Biotech builds IPO case on cancer drug delivery platform
Audeo Oncology has filed papers to raise as much as $60 million in an initial public offering, touting its pipeline of anti-cancer treatments that use a hyaluronic acid-based delivery platform to improve attacks on tumors. Formed with cancer drug assets from the Australian biotech Alchemia, Audeo aims to list its stock in the U.S. and Australia.
Audeo's Hyaluronic Acid Chemotransport Technology, or HyACT platform, traps chemotherapy drugs in hyaluronic acid and delivers higher amounts of drugs to tumor cells than chemo alone without increasing toxicity, the company says in its SEC filing for the proposed IPO. Targeted to CD44 receptors on cancer cells, the HyACT drugs are designed to slip into leaky tumor vasculature and unleash high amounts of chemo into tumor cells. And the CD44 targeting could come in handy to take out pesky cancer stem cells that tend to resist standard chemo.
A drug delivery story alone might be a tough sell for any biotech IPO, but Audeo's pitch comes packaged with a late-stage drug in the pipeline. The company has begun a pivotal trial of its lead HyACT candidate, HA-irinotecan, for metastatic colorectal cancer, and the same drug is also in mid-stage development for small cell lung cancer. Its strategy is to take approved cancer drugs like the chemotherapy irinotecan and combine them with the HA platform, potentially reducing the risks of the programs. Yet plenty of biotechs promise similar benefits with their delivery platforms, and Audeo will have to distinguish itself to win over finicky backers of biotech IPOs.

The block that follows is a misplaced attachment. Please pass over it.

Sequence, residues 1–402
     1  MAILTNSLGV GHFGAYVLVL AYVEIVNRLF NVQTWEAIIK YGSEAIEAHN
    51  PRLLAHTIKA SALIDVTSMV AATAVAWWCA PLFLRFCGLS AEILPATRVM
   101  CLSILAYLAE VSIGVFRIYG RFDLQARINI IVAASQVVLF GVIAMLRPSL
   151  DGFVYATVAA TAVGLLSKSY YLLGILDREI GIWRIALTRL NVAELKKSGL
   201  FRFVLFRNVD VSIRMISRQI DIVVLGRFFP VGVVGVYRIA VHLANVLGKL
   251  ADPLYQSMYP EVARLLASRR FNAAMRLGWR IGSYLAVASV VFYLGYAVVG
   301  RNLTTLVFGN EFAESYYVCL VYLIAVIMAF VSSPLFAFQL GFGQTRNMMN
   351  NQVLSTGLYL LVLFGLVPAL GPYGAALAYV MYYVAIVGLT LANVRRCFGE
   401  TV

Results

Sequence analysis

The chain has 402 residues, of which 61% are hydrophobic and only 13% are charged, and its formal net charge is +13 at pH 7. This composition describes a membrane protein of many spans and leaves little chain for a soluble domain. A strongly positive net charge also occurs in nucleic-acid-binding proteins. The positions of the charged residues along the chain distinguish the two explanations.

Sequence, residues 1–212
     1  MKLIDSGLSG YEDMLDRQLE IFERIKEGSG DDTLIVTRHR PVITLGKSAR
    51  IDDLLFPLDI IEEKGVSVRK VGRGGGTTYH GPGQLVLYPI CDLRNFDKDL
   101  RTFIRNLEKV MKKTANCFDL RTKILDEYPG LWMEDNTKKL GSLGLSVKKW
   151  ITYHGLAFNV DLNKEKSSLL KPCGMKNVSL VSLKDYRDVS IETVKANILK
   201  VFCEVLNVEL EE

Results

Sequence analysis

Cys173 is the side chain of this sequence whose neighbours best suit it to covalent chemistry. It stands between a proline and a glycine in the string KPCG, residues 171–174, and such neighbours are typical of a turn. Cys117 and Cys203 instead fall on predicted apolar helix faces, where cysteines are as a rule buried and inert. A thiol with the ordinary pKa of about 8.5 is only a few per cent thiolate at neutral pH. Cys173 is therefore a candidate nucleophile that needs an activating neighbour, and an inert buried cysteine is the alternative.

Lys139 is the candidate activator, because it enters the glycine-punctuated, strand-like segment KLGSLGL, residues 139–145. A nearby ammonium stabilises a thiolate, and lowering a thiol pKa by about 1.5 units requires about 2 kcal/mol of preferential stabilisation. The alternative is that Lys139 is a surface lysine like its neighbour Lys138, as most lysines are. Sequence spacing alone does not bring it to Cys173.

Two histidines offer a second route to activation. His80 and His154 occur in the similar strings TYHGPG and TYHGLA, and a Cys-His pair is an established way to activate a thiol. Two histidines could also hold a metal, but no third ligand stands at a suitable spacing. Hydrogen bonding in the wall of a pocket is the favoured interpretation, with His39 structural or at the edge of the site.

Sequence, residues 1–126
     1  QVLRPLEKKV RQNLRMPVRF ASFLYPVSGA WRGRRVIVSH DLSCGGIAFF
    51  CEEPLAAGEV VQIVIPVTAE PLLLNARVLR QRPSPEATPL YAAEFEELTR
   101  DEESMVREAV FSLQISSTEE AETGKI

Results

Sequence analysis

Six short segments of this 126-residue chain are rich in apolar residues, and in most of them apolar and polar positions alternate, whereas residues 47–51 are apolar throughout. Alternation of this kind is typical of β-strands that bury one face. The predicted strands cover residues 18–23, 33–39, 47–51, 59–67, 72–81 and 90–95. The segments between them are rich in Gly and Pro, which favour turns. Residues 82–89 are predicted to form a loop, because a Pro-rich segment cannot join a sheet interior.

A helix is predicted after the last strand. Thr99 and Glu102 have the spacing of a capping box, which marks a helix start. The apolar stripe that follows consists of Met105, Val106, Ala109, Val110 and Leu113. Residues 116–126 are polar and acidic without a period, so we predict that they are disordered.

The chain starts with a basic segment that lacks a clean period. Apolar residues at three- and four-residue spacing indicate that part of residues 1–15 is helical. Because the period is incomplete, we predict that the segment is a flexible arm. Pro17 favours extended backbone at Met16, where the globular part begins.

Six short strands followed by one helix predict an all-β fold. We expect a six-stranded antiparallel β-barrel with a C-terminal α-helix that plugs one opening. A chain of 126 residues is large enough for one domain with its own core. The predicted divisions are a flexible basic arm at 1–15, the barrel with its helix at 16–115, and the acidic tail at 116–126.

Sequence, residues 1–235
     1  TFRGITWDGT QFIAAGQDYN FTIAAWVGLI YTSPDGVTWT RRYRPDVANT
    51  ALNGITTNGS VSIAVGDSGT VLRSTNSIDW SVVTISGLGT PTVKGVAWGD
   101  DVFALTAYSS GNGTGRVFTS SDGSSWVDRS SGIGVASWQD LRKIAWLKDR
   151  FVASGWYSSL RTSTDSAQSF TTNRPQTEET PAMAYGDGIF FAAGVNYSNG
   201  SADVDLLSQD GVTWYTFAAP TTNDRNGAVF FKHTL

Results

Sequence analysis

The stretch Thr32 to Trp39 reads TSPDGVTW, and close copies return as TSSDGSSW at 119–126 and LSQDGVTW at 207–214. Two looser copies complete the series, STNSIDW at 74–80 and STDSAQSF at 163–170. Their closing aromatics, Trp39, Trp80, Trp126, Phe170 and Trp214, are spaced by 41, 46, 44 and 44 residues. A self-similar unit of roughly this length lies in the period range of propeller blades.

According to an article in The Australian, Alchemia's leadership opted for the demerger of the oncology business in part to access the U.S. market and physicians in the country. "If we're going to split them up, we might as well go the whole hog and list on Nasdaq at the same time as listing in Australia to give us access to a greater pool of capital for use in the future, and also to establish a footprint for the company in the U.S., which is going to be the biggest market for our product," Alchemia CEO Peter Smith told the newspaper.
Cancer drug's attraction to RNA could produce better drug delivery targets
Researchers cook up sugar-based capsules for drug delivery
Supercomputer, sequencing uncover clue to doc's unlikely cancer